In the mid-1990s, AAFES, using information from a data-warehousing program begun earlier in the decade, began to reconfigure its stores based on which types of goods were selling the best. They began to give more space to items like luggage, linens, home decor, and audio recordings. Stores were also being reorganized for their local market's needs based on this data. The buying patterns at a large training-base PX were much different than those of the one located in Homestead, Florida, for example, where 90 percent of the customers were retirees. To improve its data gathering, AAFES earmarked $50 million to upgrade computer systems in 145 of the largest stores, with such equipment to eventually be installed in every location that generated more than $30,000 per month in sales. AAFES made an ongoing effort to learn directly from its customers. In the front of each store were commander's communication cards on which customers could write questions or complaints. The organization also conducted surveys and focus groups, and each base had a council of spouses--male and female--that met with store managers to discuss their needs.

1990s Success with On-line Catalog Sales

AAFES's catalog had grown by the mid-1990s into a full-color, 500-page volume. Qualified customers worldwide could order through a toll-free phone number, and delivery was free. Catalog sales typically totaled about one percent of overall revenues. In 1996 AAFES put the catalog on-line via its Web site, publicizing the move by printing the Web address on shopping bags, receipts, and in the catalog itself. The response was surprisingly strong, with Internet sales for the first year totaling one-tenth of all catalog orders. By the end of the decade, this amount grew to one-third of the total revenues. In 1998 features were added that allowed customers to access their AAFES-affiliated military credit card information on-line, make payments, and receive e-mailed confirmations of payments. AAFES vendors could also check their accounts via the Web, an option that suppliers praised. The successful online catalog led Information Week magazine to rank AAFES fourth on its annual 'E-Business 100' list in 1999.

AAFES stores' distribution of pornographic materials received media attention in 1996 when the House of Representatives passed the Military Honor and Decency Act, which banned sales of pornography on military bases. Income from this category had totaled $12 million for AAFES in 1995. The ban was quickly struck down as unconstitutional, but was later upheld by the Supreme Court. The Pentagon ultimately issued a directive banning some 150 pornographic publications while allowing the stores to continue selling 'softer' titles such as Playboy.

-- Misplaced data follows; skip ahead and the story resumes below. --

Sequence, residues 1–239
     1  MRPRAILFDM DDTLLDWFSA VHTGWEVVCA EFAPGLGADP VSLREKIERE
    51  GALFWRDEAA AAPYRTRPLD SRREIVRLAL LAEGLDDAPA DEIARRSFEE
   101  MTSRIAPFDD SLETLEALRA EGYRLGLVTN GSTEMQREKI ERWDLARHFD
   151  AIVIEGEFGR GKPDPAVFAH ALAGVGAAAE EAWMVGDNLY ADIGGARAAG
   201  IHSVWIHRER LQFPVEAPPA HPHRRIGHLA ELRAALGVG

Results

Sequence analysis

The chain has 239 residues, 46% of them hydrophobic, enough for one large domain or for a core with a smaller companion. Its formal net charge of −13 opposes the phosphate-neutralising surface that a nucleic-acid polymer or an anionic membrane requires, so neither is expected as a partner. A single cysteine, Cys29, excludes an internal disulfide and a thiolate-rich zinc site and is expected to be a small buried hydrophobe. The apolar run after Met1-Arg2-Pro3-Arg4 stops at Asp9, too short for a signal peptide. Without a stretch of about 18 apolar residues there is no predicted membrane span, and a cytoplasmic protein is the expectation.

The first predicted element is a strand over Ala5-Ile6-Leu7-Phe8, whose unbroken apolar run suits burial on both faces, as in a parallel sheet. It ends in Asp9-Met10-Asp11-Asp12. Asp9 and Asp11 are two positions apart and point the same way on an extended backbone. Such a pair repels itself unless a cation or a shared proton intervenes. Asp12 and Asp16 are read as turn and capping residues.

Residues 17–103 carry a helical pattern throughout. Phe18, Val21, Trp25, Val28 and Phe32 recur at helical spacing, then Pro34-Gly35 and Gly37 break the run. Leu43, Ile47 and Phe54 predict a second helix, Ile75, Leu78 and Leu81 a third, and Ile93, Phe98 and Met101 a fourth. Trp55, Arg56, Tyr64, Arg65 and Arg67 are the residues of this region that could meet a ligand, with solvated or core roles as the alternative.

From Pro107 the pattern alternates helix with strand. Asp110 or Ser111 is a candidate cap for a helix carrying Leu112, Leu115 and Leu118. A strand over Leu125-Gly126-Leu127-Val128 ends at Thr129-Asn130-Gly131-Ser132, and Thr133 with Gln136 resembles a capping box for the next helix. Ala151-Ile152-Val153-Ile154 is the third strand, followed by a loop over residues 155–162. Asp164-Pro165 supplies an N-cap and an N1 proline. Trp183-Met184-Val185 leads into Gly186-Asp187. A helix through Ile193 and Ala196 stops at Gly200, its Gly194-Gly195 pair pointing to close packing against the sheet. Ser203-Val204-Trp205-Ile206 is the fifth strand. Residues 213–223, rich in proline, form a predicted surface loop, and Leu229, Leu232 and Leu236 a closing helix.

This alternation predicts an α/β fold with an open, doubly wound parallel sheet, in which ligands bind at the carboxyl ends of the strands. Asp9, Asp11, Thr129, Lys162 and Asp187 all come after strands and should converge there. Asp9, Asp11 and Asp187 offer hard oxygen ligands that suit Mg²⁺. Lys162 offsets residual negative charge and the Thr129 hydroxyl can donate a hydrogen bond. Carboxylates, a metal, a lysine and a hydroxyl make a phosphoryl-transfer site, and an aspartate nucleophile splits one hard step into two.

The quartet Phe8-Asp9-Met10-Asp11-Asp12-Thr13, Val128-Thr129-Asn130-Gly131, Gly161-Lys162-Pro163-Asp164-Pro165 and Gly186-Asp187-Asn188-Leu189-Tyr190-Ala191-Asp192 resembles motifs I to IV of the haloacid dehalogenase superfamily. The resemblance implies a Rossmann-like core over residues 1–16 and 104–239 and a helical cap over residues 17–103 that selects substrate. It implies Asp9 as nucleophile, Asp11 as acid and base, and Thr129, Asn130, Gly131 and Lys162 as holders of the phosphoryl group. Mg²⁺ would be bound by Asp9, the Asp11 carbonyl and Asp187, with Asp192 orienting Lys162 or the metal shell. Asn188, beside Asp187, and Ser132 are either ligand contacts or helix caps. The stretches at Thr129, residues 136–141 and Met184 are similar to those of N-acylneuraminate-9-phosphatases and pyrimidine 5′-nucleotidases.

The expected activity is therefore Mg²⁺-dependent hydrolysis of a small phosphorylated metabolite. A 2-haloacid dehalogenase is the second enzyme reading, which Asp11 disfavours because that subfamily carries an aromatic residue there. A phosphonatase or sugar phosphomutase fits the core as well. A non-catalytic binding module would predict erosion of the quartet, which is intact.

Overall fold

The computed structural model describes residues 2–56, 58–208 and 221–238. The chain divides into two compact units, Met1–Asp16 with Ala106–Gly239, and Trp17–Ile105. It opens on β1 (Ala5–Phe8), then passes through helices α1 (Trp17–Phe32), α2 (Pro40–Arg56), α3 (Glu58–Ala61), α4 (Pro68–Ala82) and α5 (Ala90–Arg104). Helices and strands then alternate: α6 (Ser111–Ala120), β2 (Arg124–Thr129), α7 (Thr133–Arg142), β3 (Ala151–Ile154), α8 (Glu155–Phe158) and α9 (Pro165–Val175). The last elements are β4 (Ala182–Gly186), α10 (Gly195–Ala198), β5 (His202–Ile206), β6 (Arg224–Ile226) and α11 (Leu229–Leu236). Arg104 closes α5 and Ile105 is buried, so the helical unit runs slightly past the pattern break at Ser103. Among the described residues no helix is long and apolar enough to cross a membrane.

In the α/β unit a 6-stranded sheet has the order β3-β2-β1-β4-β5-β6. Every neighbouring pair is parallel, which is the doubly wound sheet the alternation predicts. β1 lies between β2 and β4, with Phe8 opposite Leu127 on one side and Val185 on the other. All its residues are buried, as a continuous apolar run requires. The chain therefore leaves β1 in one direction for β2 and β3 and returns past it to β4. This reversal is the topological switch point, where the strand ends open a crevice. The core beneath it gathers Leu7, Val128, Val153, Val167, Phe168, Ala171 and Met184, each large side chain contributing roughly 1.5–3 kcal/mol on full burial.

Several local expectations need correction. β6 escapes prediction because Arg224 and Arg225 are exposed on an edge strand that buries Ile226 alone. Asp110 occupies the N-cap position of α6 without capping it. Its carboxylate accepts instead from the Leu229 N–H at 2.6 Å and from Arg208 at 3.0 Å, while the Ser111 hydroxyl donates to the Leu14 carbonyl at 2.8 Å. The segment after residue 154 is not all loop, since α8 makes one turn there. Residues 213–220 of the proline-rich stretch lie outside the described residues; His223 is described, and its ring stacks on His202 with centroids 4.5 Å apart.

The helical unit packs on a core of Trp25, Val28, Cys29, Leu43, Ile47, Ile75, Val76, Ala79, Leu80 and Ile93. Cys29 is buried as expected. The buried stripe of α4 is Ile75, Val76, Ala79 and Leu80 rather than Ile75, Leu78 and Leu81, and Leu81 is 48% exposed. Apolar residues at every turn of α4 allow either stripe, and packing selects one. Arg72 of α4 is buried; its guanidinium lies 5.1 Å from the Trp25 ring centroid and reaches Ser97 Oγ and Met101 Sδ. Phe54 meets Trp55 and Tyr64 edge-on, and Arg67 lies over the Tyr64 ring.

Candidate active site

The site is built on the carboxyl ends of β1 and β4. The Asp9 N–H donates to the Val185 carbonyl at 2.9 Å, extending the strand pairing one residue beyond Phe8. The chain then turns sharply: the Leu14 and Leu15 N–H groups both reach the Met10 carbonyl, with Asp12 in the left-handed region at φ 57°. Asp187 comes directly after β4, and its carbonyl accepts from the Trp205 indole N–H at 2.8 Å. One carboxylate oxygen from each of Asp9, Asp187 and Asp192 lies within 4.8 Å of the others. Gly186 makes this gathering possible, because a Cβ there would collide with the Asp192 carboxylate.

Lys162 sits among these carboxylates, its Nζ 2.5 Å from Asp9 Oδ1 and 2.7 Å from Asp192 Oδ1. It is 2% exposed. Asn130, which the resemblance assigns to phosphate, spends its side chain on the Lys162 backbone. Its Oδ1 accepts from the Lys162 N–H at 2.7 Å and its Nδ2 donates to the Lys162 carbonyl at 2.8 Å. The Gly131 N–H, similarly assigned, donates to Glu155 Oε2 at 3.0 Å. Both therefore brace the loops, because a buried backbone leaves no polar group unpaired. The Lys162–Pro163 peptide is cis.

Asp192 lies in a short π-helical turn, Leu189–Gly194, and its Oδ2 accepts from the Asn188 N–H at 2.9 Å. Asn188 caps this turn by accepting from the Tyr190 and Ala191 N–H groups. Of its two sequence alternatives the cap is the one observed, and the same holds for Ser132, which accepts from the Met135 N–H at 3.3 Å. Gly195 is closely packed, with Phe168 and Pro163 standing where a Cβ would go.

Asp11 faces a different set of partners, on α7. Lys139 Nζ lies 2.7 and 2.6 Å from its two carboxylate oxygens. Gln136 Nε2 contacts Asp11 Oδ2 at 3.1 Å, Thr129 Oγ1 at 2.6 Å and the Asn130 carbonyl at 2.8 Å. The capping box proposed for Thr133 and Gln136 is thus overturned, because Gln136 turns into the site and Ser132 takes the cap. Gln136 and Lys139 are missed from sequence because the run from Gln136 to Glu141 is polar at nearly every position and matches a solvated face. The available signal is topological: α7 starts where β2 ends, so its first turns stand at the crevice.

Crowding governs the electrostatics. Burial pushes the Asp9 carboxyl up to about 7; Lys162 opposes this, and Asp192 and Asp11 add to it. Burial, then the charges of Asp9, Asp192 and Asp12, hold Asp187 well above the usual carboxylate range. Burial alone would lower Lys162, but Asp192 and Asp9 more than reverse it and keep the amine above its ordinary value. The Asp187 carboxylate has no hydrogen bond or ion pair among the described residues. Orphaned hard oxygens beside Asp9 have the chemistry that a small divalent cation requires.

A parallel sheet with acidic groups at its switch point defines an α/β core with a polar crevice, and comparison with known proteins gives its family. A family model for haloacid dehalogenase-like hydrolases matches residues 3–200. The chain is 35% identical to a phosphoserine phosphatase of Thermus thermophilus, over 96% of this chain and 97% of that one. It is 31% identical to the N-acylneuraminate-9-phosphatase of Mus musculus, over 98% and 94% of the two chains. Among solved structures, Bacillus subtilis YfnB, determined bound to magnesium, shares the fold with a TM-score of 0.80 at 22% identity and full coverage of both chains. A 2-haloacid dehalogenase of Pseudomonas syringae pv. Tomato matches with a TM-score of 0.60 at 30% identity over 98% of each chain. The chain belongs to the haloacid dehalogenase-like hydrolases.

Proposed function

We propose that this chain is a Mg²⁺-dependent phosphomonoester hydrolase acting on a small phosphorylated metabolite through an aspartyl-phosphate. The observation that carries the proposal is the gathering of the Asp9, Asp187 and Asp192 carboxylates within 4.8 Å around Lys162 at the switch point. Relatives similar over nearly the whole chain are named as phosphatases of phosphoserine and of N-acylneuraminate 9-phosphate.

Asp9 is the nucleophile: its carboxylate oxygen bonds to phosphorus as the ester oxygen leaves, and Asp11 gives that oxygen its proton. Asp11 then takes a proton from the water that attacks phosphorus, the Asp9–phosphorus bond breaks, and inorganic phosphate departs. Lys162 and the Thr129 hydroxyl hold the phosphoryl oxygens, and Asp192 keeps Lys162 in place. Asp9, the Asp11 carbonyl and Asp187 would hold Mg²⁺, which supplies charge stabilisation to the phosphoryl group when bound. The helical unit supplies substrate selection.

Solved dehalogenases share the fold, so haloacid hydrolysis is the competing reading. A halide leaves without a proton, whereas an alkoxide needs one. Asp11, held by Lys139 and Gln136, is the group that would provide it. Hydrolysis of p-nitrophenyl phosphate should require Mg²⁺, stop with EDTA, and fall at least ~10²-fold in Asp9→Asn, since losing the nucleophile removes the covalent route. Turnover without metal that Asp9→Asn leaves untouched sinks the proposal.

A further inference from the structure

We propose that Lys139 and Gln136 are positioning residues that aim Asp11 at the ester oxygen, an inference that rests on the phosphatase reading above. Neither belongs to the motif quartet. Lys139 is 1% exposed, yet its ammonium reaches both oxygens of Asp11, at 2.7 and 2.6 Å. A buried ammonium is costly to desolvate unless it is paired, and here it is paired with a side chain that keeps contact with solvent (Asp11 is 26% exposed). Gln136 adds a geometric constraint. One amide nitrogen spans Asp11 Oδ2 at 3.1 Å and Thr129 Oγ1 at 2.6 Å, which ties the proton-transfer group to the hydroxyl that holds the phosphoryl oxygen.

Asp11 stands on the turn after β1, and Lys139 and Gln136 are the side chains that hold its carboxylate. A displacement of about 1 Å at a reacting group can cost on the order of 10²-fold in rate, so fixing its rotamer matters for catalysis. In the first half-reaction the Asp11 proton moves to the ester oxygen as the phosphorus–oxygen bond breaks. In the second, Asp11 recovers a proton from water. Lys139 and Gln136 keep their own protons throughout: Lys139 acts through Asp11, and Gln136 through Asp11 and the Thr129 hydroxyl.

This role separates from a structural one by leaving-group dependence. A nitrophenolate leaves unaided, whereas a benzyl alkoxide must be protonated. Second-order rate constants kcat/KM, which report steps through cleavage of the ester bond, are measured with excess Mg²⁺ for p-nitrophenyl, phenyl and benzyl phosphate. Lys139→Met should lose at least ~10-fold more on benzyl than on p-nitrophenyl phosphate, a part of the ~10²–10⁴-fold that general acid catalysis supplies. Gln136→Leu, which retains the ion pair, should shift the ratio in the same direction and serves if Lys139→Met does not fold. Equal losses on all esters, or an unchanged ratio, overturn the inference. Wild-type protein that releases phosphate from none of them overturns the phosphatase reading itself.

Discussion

As the 1990s waned, AAFES continued to strike up new partnerships with private-sector companies. In 1999 a $1.5 billion, ten-year deal was signed with MCI WorldCom to provide long-distance, calling card, pay telephone, and other services to AAFES customers worldwide. The following year Booksamillion.com was also granted exclusive rights to sell books to AAFES's 7.5 million customers over the Internet.

As it entered the 21st century, the Army and Air Force Exchange Service continued to provide its customers with a wide range of goods and services at discounted prices, while generating steady profits to fund morale-building recreational programs and facilities. Its mettle had been tested through wartime service as well as during the downsizing of the military following the Cold War, and the organization continued to survive and thrive. As long as Americans served their country in the Army and Air Force, AAFES would continue to be there for them with the goods and services they needed at attractive prices.

Principal Competitors: 7-Eleven, Inc.; Best Buy Company, Inc.; Circuit City Group; Costco Wholesale Corporation; J.C. Penney Company, Inc.; Kmart Corporation; The Kroger Company; METRO AG; Sears, Roebuck and Company; Target Corporation; Wal-Mart Stores, Inc.

Further Reading:

  • Baldwin, Pat, 'U.S. Troops Find Retail Oasis in the Desert,' Dallas Morning News, January 13, 1991, p. 1H.
  • Colley, Richard D. and Evans, Earnest L., 'Let1s Go to the PX!,' Army Logistician, May 1, 1997, p. 27.
  • Crowley, Aileen, 'Military Retailer in Net Boot Camp, PC Week, September 15, 1997, p. 88.
  • Dworkin, Andy, 'Military Service: Oak Cliff Firm Provides Minor Comforts to Overseas Troops,' Dallas Morning News, May 6, 1999, p. 1D.
  • 'Four-Star General Merchandise Sold Here,' Chain Store Age Executive with Shopping Center Age, September, 1984, pp. 119-122.
  • Goodridge, Elizabeth, 'AAFES: Worldwide Supplier,' Information Week, December 13, 1999, p. 96.
  • Jackson, William, 'AAFES Phone Service Contract Goes to MCI WorldCom,' Government Computer News, March 15, 1999.
  • Johnson, Jay L., 'AAFES: A $7 Billion Military Enterprise,' Discount Merchandiser, March, 1996, p. 70.
  • King, Paul, 'Mess-Hall Era Ending as Name Brands Establish Beachhead on Military Bases,' Nation's Restaurant News, September 6, 1999, p. 47.
  • Miller, Robert, 'Military Exchange Service Prepares for the Changing of the Guard,' Dallas Morning News, May 18, 1993, p. 3D.
  • Wilson, Marianne, 'AAFES Storms Retail Mission,' Chain Store Age Executive with Shopping Center Age, June 1, 1991, p. 21.
  • Witt, Clyde E., 'Multi-Million Dollar Facelift for Exchange Service,' Material Handling Engineering, August, 1988, pp. 47-52.

Source: International Directory of Company Histories, Vol. 39. St. James Press, 2001.